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Larchfield House Dementia Care Specialist Care Home

Larchfield are always looking for volunteers, if you have a few hours to spare during the week or even at the weekend we would love to hear from you.

Volunteering can make a big difference to someone’s life seeing you on a regular basis for social interaction and stimulation. This in turn can give you a feeling of personal accomplishment knowing you are making a difference to someone’s life.

It is said that the benefits to a volunteer can be as far reaching as boosting your psychological wellbeing.

Our current volunteers help from the activities and stimulation perspective through to one to ones. You can listen to some wonderful stories about our resident’s lives, get to know what kind of music they like or what they did for a career. As the weather improves this gives us great opportunities to sit in our lovely garden with a cup of tea, piece of cake and a chat. Joining in with larger activities is always welcome, from singing to watching a lovely musical or old time western.

If you would like to know more about becoming a volunteer at Larchfield House why not take a look at our website www.larchfield.care , give Jane a call on 01628635936 Ext 205 or come in to meet the team and have a chat.

Work Experience at Larchfield House

Larchfield House facilitate three Berkshire College of Agriculture (BCA) students for work experience for their NVQ Level 2 – Health and Social Care, working alongside the BCA ensuring we provide the right kind of experience and coverage of their curriculum. Kiera, Angel and Madeen are enjoying their work experience week at Larchfield and are keen to learn.

The girls are joining in with the activity team and helping to engage and entertain our residents. On the other side they are observing and getting to understand what caring for our resident’s means. They are also covering care plans, policies and procedures along with understanding the different types of dementia and what effects this can cause, along with moving and handling training with our Clinical Governance Manager, Kelly Hornblow. They are also working with the Wellbeing Manager, Jane Parker to gain knowledge on how to communicate on the right level and how to speak and approach ladies and gentlemen who are frustrated and agitated, and to understand the causes behind this. This is a wonderful opportunity for us to work with the girls and the college to further their education and knowledge of the care sector.

If you would like to know more about placement opportunities why not give us a call on 01628639428 or take a look at our website to www.larchfield.care or contact info@larchfield.care

Larchfield celebrates Hydration week:

For Larchfield House hydration is very important, all communities have their own hydration stations for cold drinks, juices, water, tea and coffee which are always available. To celebrate hydration week our communities have decorated their trolleys with lots of colour and choice. All fluid intake is measured and recorded on a daily basis to ensure that our residents are having the recommended fluid intake. Staff are trained to encourage our residents to have their refreshments throughout the day.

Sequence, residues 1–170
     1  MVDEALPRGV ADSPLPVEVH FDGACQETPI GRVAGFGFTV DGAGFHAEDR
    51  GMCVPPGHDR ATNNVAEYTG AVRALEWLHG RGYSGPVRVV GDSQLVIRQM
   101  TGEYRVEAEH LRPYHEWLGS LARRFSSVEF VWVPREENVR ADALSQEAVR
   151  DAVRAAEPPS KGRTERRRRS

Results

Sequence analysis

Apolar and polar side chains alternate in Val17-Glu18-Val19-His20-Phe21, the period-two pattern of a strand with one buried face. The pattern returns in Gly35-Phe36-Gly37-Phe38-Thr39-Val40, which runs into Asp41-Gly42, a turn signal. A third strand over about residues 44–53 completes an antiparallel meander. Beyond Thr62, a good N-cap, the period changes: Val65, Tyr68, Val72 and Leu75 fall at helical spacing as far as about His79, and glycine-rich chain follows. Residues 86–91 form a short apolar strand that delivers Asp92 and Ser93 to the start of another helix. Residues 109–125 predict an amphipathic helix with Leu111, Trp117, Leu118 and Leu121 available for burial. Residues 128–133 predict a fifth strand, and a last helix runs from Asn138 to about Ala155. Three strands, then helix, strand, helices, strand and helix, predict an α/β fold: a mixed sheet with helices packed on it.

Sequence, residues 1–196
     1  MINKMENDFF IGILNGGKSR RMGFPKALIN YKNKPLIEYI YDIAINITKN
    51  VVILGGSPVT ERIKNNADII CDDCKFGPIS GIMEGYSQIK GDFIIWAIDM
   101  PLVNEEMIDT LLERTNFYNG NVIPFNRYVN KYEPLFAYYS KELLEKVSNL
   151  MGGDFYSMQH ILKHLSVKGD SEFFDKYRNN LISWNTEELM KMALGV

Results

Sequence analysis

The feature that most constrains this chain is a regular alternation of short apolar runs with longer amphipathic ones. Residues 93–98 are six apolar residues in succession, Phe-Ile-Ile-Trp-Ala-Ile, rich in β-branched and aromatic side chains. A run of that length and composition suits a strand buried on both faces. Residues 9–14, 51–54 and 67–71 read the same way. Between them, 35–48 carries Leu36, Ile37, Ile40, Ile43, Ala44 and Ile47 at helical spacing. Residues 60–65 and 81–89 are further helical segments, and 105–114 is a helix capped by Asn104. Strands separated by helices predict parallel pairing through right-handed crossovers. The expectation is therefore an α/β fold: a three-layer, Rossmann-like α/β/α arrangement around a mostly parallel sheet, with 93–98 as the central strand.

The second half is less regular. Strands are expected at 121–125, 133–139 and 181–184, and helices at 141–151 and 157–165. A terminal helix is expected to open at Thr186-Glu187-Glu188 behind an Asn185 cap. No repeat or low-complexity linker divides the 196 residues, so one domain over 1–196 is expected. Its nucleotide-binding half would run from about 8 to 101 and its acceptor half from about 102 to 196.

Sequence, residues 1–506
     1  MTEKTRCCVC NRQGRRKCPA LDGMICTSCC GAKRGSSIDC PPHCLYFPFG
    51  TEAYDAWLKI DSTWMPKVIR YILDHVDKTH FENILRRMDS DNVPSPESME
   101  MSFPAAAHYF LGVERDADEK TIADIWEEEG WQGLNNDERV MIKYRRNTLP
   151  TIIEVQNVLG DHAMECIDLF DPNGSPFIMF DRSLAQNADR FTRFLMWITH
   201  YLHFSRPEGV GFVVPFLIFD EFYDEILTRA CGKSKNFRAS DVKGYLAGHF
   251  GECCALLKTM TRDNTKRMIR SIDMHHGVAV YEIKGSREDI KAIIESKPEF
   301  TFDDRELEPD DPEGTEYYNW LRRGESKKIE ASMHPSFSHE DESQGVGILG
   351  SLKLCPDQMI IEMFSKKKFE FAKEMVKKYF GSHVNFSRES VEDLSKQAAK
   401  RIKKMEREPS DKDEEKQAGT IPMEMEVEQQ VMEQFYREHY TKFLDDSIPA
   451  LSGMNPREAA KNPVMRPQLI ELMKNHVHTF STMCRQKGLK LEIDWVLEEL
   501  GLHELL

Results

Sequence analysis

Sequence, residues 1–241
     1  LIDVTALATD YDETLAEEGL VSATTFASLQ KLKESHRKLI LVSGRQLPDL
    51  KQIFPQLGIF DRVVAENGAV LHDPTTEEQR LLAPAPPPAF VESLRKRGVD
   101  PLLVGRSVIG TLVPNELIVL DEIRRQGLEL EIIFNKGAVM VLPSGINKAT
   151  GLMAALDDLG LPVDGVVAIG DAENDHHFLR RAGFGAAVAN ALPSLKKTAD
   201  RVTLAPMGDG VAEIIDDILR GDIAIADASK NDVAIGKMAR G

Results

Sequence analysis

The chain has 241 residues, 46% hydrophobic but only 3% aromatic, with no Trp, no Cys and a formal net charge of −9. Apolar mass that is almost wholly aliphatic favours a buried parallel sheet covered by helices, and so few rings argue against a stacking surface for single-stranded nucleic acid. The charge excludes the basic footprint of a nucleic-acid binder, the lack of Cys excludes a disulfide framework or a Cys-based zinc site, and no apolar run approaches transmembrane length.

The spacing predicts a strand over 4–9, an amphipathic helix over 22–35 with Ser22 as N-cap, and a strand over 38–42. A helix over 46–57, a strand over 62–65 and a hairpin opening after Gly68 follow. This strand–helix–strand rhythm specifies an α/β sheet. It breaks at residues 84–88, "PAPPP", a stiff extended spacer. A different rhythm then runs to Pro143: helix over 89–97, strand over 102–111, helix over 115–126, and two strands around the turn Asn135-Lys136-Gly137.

All hydration stations are the same to residents can relate and recognise when they see them. We also have our reflections café, where residents and their families visit on a regular basis and enjoy the atmosphere with a cup of tea and a piece of cake.

This is one of our hydration trolleys and hydration station

If you would like to know more about Larchfield House Dementia Care Specialists Care Home, why not take a look at our website www.larchfield.care or give us a call on 01628639428

How do memories work?

We have talked about dementia and how it affects the brain in respect of memory, so this is how a healthy brain works. Memory is the word used to describe the process involved with retrieval and storage of information, this is a very important process for a person to function in a normal way.

Memories are something that do not actually exist in the same way as say your arm or your leg. It does not have a physical presence but is a concept which refers to the processes of remembering.

Memories are stored as miniscule chemical changes at connecting points between neurons, (which transmit information to specialized cells that transmit signals from the nerves).

Sensory neurons these are able to detect activity from each of the senses and then communicate the information to the interconnecting neurons.

Interconnecting neurons these pass information through the nervous system and also connect to the motor neurons. I think I am imagining a railway line with interchanges here.

Motor neurons, these connect to the muscle tissue and activate them.

Encoding is a biological occurrence that starts with perception. When we meet someone we visually assess them, we listen to the sound of their voice and also we can register how the person smells. These cues put together form our perceptions which are then sent to the hippocampus which files them altogether to make a single experience.